As part of the US Department of Transportation’s efforts to increase roadway safety and encourage innovation, the National Highway Traffic Safety Administration (NHTSA) has published the initial round of data it has collected through its Standing General Order (SGO) issued last year.
The accompanying reports summarizing the data – the SAE Level 2 advanced driver assistance systems (ADAS) summary report and the SAE Levels 3–5 automated driving systems (ADS) summary report – are also now available. Going forward, NHTSA will release data updates monthly.
The data reflect a set of crashes that automakers and operators reported to NHTSA since the Standing General Order was issued last June. While not comprehensive, the data provide NHTSA with immediate information about crashes that occur with vehicles that have various levels of automated systems deployed at least 30 seconds before the crash occurred.
The data show that since reporting requirements began, one crash reported for an ADS-equipped vehicle resulted in serious injuries, and 108 of the crashes resulted in no injuries. Of the 130 reported crashes for ADS-equipped vehicles, 108 involved collisions with another vehicle, and 11 involved a vulnerable road user, such as a pedestrian or cyclist.
For vehicles with SAE L2 ADAS, the data show that alleged serious injuries or a fatality occurred in 11 of the 98 crashes where information on injuries was reported. Of the reported crashes for SAE L2 ADAS, at least 116 of the collisions were with another vehicle, and at least four involved a vulnerable road user.
The SGO, issued in June 2021, requires for the first time that manufacturers and operators of vehicles equipped with SAE L2 ADAS or SAE Levels 3–5 ADS report to NHTSA certain crashes when the systems are engaged. The SGO is a first step toward helping the Department take a more data-driven approach to ensuring that AV technology is deployed safely and will help inform future actions, including those to educate consumers and build confidence in advanced vehicle technologies.
“New vehicle technologies have the potential to help prevent crashes, reduce crash severity and save lives, and the Department is interested in fostering technologies that are proven to do so; collecting this data is an important step in that effort,” says Dr Steven Cliff, NHTSA’s administrator. “As we gather more data, NHTSA will be able to better identify any emerging risks or trends and learn more about how these technologies are performing in the real world.”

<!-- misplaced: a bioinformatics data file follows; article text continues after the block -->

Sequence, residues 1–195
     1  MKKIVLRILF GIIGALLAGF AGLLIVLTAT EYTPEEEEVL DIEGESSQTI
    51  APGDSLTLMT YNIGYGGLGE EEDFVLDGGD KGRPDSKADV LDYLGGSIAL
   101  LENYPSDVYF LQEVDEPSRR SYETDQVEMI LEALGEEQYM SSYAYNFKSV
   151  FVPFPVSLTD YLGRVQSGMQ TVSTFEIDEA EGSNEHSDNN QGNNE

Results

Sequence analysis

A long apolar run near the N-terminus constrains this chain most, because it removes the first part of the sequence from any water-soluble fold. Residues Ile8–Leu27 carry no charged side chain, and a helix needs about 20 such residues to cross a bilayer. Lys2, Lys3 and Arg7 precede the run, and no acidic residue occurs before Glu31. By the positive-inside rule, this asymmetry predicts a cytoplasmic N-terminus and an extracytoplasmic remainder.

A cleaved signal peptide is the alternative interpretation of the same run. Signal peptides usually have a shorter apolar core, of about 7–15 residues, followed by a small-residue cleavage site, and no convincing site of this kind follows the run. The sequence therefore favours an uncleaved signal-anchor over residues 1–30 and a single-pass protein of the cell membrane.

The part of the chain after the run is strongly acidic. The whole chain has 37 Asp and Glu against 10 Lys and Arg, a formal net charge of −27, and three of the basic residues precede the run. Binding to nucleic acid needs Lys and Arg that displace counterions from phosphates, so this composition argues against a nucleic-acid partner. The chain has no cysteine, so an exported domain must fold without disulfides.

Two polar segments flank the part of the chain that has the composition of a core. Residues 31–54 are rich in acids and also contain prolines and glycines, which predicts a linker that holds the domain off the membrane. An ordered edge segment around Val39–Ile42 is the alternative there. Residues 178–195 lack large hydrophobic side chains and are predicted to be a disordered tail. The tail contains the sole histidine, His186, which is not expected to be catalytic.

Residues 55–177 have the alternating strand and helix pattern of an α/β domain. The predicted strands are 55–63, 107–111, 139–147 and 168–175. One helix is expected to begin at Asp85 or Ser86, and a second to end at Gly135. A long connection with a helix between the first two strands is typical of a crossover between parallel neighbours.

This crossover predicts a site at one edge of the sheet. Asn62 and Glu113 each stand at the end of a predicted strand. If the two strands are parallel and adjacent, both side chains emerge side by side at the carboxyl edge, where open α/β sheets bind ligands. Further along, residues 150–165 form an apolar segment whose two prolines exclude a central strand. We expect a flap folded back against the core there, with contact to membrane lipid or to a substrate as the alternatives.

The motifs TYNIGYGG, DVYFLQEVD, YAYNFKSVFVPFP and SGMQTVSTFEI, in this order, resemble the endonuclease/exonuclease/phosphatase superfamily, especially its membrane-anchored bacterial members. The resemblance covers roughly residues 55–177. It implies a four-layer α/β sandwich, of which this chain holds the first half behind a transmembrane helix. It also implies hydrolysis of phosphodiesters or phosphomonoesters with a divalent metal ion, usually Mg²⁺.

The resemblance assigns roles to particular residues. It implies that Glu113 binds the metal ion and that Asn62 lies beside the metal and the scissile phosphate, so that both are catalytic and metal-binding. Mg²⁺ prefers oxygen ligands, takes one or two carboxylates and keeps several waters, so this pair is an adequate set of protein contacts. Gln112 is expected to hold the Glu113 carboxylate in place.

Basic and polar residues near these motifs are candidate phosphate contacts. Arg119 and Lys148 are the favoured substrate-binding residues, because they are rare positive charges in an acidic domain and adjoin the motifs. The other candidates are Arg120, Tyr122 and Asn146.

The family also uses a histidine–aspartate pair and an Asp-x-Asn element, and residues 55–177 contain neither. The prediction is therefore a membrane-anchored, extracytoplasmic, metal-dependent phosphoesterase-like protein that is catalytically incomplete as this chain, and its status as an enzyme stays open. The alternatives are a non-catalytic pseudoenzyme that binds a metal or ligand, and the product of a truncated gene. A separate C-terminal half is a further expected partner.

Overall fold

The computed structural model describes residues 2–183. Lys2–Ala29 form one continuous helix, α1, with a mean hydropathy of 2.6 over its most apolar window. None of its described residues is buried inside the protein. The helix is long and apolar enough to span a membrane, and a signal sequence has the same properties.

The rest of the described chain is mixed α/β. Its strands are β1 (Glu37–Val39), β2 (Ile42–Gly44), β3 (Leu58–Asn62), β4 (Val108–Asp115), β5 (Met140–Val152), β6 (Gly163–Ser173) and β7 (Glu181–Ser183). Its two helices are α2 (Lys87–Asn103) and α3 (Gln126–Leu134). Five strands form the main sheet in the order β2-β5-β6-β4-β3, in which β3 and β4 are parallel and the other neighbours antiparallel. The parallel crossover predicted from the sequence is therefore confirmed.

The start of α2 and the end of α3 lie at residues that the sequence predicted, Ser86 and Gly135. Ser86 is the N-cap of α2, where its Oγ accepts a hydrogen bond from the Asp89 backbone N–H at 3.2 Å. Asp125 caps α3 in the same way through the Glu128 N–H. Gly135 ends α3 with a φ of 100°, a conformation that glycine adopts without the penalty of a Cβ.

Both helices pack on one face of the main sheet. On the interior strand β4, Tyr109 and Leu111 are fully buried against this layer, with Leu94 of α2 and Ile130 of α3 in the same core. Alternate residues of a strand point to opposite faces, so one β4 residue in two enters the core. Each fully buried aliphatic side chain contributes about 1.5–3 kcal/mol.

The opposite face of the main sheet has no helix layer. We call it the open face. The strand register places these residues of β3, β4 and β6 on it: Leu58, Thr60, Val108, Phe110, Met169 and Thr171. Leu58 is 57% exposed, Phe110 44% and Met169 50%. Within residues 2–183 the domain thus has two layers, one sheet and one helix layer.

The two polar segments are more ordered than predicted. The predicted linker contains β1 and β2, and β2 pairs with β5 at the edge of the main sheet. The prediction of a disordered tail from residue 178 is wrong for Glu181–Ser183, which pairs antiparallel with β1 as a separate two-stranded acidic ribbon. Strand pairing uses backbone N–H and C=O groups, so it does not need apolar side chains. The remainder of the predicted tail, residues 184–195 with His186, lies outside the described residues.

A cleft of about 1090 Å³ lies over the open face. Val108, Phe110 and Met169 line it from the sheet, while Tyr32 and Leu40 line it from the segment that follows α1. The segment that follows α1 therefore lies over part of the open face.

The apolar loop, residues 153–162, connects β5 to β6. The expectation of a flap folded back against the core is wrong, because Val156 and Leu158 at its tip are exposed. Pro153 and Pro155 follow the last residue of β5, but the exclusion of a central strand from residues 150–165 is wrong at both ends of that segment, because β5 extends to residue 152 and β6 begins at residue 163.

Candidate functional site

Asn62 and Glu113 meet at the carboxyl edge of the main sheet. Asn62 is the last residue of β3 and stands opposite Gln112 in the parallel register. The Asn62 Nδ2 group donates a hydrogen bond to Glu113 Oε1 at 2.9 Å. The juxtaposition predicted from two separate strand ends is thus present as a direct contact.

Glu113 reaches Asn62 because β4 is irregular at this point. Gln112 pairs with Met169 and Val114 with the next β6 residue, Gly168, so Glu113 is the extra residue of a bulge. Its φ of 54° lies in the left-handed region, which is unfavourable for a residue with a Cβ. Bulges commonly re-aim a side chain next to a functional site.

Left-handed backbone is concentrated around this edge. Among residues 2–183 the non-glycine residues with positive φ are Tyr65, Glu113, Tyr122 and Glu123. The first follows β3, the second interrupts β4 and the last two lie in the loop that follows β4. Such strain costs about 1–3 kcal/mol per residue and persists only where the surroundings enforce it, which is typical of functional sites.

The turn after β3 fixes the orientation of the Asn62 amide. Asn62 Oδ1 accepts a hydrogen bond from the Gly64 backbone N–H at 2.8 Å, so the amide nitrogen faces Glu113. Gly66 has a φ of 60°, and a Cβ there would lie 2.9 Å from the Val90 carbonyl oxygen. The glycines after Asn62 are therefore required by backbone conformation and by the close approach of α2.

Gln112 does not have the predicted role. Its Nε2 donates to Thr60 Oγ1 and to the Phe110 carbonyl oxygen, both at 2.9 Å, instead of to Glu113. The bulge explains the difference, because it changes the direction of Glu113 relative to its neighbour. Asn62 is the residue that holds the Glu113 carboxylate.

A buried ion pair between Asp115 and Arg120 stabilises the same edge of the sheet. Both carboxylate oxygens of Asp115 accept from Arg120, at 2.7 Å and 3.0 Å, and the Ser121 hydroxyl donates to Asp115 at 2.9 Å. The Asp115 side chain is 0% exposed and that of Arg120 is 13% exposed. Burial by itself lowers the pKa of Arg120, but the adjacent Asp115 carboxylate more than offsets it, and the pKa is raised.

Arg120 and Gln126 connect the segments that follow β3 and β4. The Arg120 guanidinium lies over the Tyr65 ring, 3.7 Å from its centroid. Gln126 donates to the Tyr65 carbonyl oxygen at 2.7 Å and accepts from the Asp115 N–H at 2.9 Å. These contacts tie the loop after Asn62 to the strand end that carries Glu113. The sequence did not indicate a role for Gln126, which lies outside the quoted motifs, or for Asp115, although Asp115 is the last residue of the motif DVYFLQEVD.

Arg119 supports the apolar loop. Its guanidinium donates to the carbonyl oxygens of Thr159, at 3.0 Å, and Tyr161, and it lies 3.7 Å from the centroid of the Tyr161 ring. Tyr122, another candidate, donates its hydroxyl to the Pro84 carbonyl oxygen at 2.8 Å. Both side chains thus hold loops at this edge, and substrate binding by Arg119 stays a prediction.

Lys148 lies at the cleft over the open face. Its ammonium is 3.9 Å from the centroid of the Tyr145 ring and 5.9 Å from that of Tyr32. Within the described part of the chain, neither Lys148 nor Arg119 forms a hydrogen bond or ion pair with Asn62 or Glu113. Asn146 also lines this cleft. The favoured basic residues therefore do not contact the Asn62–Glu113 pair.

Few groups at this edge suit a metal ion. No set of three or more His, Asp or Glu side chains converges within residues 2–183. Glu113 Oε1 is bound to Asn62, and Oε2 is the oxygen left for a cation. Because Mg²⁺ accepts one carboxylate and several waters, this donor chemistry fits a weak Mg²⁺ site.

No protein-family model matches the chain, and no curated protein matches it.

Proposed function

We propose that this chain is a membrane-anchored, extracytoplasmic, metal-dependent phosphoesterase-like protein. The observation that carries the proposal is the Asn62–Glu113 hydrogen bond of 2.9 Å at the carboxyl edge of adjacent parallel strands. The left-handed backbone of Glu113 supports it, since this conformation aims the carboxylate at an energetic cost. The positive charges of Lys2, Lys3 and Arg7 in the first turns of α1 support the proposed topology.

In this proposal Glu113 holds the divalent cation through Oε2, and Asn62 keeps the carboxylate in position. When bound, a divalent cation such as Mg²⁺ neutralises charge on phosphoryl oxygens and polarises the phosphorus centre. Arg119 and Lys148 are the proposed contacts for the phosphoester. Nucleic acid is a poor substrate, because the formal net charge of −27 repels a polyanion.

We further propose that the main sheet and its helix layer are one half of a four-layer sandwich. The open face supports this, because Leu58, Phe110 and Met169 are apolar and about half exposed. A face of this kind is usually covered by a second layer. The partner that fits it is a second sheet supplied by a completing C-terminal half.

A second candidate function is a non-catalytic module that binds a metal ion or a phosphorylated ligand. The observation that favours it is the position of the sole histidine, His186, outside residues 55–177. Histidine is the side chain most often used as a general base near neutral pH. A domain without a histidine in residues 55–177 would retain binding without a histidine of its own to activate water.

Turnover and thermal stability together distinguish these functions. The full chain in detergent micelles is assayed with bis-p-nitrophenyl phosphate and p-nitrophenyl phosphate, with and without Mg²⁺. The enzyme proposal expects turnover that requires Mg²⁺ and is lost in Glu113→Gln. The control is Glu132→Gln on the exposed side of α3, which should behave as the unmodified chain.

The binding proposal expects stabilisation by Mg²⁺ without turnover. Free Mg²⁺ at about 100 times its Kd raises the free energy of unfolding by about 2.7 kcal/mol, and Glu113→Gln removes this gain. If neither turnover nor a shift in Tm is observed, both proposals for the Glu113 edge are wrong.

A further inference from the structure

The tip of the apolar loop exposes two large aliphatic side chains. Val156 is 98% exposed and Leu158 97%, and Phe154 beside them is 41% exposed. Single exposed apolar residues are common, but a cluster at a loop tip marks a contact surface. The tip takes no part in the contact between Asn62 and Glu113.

The new data are the first of their kind, and the reports detail several important caveats and limitations to the dataset. For example, some reporting entities provide the agency with robust data more quickly because their vehicles are equipped with telematics capabilities. Telematics is the most frequently cited source for data collected currently by the SGO. Manufacturers and operators also rely on consumer complaints to begin collecting data, which are the second-largest source for L2 ADAS, and on field reports, the second-largest source for ADS. Also, the data are not normalized by the number of vehicles a manufacturer or developer has deployed or by vehicle miles travelled. That information is held by manufacturers and is not currently reported to NHTSA. As a result, the data cannot be used to compare the safety of manufacturers against one another.
Commenting on the initial data, Intelligent Transportation Society of America (ITS America) president & CEO Laura Chace says her organization applauds the NHTSA for collecting information on automated technologies. “We continue to advance the research, development, and deployment of these critical safety technologies, particularly given the record number of crashes fatalities on US roads. We look forward to working with federal leaders to advance these innovations as part of a safe systems approach toward zero deaths,” says Chace.
L2 ADAS are increasingly common features on many new vehicles and provide driver assistance functions that also combine technologies, like lane centering assistance and adaptive cruise control. ADS-equipped vehicles, which are able to perform the complete driving task in limited circumstances, are not currently sold to consumers. They are in limited use on public roads around the country for testing various mobility types, including ride hailing, shuttle services, and delivering goods.
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